Sopranos Final Season

Week 8: Bury My Heart at Flatbush Bikini Waxing
Talking television.
June 5 2007 6:28 PM

Sopranos Final Season

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Silvio and Tony. Click image to expand.
Silvio and Tony

Paisani,

Loved your anecdote, Jeff, about John J. Gotti's passionate identification with American Indians. (You will let us know when you start making these stories up, right?) The belief that American Indians share a history of oppression with Italian-Americans—and also, as Terry points out, a preference for loud clothing and imaginative nicknames—is inconsistent with Silvio Dante's objection to Columbus Day revisionism, but I guess Terry would answer that

a) Silvio doesn't necessarily agree with John J. Gotti;

and

b) Intellectual consistency is not a major wiseguy concern. If anything, The Sopranos teaches us that mobsters spend a great deal of mental energy trying not to notice the fairly stark inconsistencies between Mafia-family values and family-family values (a theme also central to the two great Godfather films and the disappointing third one whose very existence Terry chooses, Soprano-style, to deny).

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Brian, your powers of observation remain exceptional. Not in a million years could I have told you that Tony's blazer was camel hair, much less one designed by Ermenegildo Zegna. I failed to notice that the porch of Tony Soprano's safe house bore a corrugated aluminum roof, and before I read your entry I had never even heard of the Tendersticks. (I've since learned they're called the Tindersticks. Fess up: Did your college-age daughter feed you that one?) I'm going to guess that it was the gravitas befitting a network anchor and not inattention that kept you from mentioning the name of the shop where Phil Leotardo ordered the hit on Tony: "Flatbush Bikini Waxing." A really excellent dirty joke, one that escaped my notice until Slate's film critic, Dana Stevens, asked me whether I thought it was found or created art. There is, in fact, no such establishment. I am further going to guess that Terry's been trying to work that gag into a Sopranos episode for two or three years. Am I warm?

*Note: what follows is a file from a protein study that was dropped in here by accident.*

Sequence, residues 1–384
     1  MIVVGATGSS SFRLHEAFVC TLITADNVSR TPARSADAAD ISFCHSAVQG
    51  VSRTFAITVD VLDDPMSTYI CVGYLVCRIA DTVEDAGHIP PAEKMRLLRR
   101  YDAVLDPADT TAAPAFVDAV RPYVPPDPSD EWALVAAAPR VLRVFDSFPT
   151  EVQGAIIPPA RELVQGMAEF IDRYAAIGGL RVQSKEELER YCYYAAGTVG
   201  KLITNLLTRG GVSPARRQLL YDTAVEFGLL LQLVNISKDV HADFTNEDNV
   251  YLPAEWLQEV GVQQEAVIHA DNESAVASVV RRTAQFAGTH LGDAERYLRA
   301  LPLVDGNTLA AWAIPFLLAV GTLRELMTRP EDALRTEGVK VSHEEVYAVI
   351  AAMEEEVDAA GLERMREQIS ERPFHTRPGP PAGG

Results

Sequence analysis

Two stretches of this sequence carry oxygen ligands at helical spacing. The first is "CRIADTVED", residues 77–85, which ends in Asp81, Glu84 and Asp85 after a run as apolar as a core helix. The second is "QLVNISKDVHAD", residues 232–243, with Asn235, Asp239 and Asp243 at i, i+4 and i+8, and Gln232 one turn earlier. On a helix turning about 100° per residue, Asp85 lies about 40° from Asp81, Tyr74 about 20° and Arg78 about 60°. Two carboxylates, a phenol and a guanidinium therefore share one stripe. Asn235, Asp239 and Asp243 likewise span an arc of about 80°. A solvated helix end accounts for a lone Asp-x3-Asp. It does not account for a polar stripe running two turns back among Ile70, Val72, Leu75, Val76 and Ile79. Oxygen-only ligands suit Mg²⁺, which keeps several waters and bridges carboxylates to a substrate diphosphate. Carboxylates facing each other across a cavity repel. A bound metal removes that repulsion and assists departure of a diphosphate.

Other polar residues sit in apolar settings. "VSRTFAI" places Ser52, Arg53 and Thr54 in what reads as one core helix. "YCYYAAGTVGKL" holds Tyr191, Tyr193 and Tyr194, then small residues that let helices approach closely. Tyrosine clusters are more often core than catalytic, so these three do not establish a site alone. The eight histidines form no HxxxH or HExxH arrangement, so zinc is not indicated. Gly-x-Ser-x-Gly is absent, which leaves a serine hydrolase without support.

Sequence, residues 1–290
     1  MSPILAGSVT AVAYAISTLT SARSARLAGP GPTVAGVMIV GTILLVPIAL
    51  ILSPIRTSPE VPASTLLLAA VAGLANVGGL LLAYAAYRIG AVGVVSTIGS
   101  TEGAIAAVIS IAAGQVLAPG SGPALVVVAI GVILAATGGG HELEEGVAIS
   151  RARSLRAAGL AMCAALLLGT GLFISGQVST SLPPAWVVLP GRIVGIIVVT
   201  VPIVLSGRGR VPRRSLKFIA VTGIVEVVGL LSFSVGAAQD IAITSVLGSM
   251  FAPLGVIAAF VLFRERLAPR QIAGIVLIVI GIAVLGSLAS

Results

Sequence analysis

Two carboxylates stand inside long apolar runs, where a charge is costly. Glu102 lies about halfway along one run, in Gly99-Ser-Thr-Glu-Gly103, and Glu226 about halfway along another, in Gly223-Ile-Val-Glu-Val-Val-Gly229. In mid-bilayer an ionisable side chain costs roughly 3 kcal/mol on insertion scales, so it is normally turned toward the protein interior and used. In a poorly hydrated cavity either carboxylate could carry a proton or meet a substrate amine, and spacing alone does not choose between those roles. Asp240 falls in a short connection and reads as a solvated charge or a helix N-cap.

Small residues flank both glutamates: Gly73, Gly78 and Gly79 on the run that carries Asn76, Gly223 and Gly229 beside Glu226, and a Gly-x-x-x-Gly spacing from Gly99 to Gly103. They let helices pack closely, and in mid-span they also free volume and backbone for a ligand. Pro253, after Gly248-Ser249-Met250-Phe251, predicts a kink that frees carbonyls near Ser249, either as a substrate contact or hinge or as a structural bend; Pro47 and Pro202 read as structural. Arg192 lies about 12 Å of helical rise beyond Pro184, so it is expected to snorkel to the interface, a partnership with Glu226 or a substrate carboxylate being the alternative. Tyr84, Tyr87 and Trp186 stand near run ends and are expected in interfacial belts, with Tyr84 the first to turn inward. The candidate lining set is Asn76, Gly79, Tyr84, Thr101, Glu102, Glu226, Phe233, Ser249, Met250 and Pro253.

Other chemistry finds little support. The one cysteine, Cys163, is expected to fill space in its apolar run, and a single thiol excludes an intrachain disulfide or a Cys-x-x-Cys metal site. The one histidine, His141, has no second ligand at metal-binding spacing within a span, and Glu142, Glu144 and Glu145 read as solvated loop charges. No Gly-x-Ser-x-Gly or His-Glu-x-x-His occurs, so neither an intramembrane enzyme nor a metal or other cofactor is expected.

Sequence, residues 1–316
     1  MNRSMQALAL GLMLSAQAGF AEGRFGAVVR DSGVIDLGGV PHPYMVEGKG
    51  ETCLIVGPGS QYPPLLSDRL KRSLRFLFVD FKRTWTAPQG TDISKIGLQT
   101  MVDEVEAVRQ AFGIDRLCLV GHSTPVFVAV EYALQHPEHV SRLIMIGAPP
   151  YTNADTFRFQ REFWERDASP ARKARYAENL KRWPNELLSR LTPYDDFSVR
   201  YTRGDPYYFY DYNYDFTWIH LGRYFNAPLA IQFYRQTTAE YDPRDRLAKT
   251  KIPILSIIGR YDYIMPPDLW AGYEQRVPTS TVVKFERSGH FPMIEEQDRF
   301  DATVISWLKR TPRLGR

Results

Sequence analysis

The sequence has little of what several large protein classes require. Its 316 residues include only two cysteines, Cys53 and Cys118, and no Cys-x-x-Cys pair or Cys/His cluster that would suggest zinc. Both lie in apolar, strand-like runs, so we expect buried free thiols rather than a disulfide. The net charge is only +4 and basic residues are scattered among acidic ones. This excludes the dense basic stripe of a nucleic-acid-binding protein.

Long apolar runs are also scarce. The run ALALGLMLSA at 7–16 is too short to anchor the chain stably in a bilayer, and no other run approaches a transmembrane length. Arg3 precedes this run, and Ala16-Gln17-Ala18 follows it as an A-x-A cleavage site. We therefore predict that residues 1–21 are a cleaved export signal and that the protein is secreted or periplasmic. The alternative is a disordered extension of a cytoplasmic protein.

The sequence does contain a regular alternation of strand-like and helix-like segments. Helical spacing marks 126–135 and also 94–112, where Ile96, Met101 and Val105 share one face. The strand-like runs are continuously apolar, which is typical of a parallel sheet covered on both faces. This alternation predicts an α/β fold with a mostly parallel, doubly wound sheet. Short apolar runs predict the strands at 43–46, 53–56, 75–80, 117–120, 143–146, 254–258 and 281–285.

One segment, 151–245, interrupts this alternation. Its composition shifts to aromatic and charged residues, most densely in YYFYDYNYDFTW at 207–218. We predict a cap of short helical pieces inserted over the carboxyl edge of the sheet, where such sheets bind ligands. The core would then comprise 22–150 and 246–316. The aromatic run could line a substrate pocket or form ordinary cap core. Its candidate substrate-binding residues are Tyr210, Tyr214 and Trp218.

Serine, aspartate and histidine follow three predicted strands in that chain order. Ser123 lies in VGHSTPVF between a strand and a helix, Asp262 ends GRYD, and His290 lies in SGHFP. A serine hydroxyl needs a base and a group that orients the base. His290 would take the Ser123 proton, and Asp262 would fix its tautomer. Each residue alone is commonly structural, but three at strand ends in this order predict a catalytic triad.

Terry, I stand corrected that the cleverly named Rhiannon lent her elusive presence to a couple of episodes from last year, and I congratulate you on naming Adriana's little dog Cosette. ( Buon' anima to them both.) I swear I didn't know when I wrote that it was my favorite Sopranos name that I was flattering its author.

Jeff, I don't think you need fear that the death of the actual Mafia will kill off mob drama. If anything, it may cause the form to flourish. You will recall that John Wayne didn't stride onto the silver screen until long after the West was won (or lost, if you're John J. Gotti and you identify with Aboriginal Americans). All the best movies about World War II (Twelve O'Clock High, Mister Roberts, Saving Private Ryan) postdate the event itself, in the latter case by a half-century, and The Lives of Othersis a very good movie about the Cold War that would have been impossible to film on location while the Cold War was still raging. The mob narrative is a great American form, and it's here to stay. Sadly, The Sopranos is not, and it's breaking my heart. See you next week for the post-mortem.

Mournfully,
Chiacchierone

Timothy Noah is a former Slate staffer. His  book about income inequality is The Great Divergence.

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